Inequality For All
2 1/2 out of 4 stars
A graduate of both Yale and Dartmouth, a Rhodes Scholar and author of 14 best-selling books, Robert Reich — whether you agree with his politics or not — can rightfully be referred to as a well-respected economist. After serving in the Clinton Administration as Secretary of Labor, Reich became and remains a fixture on both the late night and Sunday morning political talk show circuits and when not a TV talking head he teaches classes on economics at Cal Berkeley.
Unlike most former presidential cabinet members, Reich is a natural in front of the camera. He is affable, eminently likeable, pokes fun at himself and regularly makes light of the affliction (Fairbanks Disease) that stunted his growth (he stands at 4’ 10” — yet has a towering presence). If anyone was ever qualified to write, narrate and appear in a movie about economics it is Reich.
In manner not unlike that of Al Gore’s “An Inconvenient Truth” and most movies by Michael Moore, Reich — despite his proclamations to the contrary — brings a marked liberal bias to “Inequality For All.” This isn’t such a bad thing per se; the movies by Gore and Moore are very entertaining — and the same can be said for Reich’s film. It is never boring or dry, imparts a wealth of valuable information in a highly audience-friendly manner and — at less than 90 minutes long — never overstays its’ welcome.
For the first half of the movie Reich — largely avoiding egghead, “inside baseball” jargon — presents his argument with workmanlike efficiency by employing stylish charts and graphs, stock video/newsreels and hard-to-argue-with facts and figures supporting his case: the ever-widening chasm between the haves and have-nots is a problem.
Reich’s preferred visual is a graphic that is a profile view of a suspension bridge and he drives home that the highs, lows and trends of several economic indicators of the last century match each other almost identically. Whenever there is economic distress — like during the Great Depression or right now — the disparity in median income is significant. When everything was hunky dory — the time between the end of World War II and the mid-1970s — the difference in income percentage was far closer (and “fair”); management/ownership made only a little more than their employees, despite taking all of the risk.
Reich’s reasons for these fluctuations are many and varied but the thread that ties all of them together is the same: the rich are greedy and the poor are victims. While presenting many reasons for the former, Reich essentially ignores the latter. He cites President Ronald Reagan’s squashing of the Air Traffic Controllers Union as the first domino, then the proliferation of industry lobbyists on the (bipartisan?) Capitol Hill and ultimately the inflated salaries of company CEOs.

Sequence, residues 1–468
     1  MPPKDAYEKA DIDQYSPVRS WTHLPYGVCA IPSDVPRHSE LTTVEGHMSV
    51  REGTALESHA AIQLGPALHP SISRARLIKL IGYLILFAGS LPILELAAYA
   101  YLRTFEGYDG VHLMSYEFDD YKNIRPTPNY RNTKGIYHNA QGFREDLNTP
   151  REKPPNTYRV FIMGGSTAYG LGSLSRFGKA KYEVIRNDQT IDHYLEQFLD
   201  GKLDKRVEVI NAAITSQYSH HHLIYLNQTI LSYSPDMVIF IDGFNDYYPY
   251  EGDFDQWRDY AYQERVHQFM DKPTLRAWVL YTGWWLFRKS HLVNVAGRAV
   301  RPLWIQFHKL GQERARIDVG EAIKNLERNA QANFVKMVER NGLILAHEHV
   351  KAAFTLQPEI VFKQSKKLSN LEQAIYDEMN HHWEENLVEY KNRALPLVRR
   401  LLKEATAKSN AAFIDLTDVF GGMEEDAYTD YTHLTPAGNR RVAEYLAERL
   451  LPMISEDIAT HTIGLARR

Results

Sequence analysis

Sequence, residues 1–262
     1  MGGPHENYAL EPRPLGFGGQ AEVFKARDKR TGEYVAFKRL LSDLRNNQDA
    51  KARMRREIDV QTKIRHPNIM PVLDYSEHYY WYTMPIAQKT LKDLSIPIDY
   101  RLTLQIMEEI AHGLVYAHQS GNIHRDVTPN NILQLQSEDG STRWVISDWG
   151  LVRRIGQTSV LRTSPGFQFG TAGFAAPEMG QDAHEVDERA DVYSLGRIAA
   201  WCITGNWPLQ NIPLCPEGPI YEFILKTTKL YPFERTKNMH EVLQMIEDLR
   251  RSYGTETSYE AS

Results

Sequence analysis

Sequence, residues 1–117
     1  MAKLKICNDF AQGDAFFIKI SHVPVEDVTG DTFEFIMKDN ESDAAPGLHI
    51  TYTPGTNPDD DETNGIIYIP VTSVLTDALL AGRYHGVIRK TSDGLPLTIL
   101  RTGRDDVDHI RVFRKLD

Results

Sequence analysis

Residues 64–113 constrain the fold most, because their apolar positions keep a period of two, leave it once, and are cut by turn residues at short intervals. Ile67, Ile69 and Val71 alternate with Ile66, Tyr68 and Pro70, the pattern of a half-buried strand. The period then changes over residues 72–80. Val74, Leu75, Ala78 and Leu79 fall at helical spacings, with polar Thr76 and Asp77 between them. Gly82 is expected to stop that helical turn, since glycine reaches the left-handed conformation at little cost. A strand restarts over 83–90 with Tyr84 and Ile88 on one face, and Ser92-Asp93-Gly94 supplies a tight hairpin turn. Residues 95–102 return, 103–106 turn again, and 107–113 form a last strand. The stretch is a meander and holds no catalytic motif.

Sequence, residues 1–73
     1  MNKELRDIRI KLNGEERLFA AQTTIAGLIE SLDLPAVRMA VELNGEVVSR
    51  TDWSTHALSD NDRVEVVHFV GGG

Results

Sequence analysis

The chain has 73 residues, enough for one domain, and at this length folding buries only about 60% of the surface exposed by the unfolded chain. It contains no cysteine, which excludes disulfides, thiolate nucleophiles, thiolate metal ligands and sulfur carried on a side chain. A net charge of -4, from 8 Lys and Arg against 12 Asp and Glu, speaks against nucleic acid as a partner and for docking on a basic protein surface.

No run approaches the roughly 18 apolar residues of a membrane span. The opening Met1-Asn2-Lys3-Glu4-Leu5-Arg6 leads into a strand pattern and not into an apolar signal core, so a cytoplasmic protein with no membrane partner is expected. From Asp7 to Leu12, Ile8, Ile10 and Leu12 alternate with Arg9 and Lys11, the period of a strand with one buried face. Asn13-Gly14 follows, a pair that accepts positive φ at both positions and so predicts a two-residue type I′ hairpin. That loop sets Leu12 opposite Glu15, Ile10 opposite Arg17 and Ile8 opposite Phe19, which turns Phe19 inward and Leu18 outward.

Reich touches briefly on the rise of industrial prowess in Asia, the replacement of assembly line workers in the U.S. with computer-based automation and alternately slams/extols the business model of Amazon. Reich fails to acknowledge the union-controlled U.S. public school system that has produced a sub-par workforce for decades and greed on the part of the middle-class-hopeful masses that bought homes they couldn’t afford and opened lines of credit they weren’t qualified for in the mid-2000s.
Reich and director Jacob Kornbluth deserve major kudos for including a scene taking place at a meeting at a western U.S. power plant where Reich was trying to prod the employees into unionizing.
Respectfully arguing against the union proposal, a skilled laborer states he feels he’s being paid more than he deserves and has no problem with the company officers making way more than him. He adds that if he was smart and had gotten smarter by going to college, he’d be trying to get their jobs. Hmmm.
The filmmakers also get bonus points for including video/sound bites from wealthy people (including Warren Buffet) who find the current tax code (where they pay only 10 to 15 percent) ludicrous and they’re right. Most of this could easily be eliminated with a flat or consumption tax — a subject Reich never broaches. Though he never uses the actual words, Reich’s intent is to suggest an American society based on the quasi-socialist “redistribution of wealth” dictum. People with drive, dedication, vision and a strong work ethic should supplement the layabout lifestyles of those who do the absolute bare minimum (or less) in order to just get by — while of course always owning of the latest smart phone.
This brings to mind a number of quotes from someone you might have heard of. “Most folks are as happy as they make up their minds to be.” “Always bear in mind that your own resolution to succeed is more important than any other.” “My great concern is not whether you failed but if you are content with your failure.” “That some achieve great success is proof to all that others can achieve it as well.” All of those quotes were spoken or written by President Abraham Lincoln. (Radius-TWC)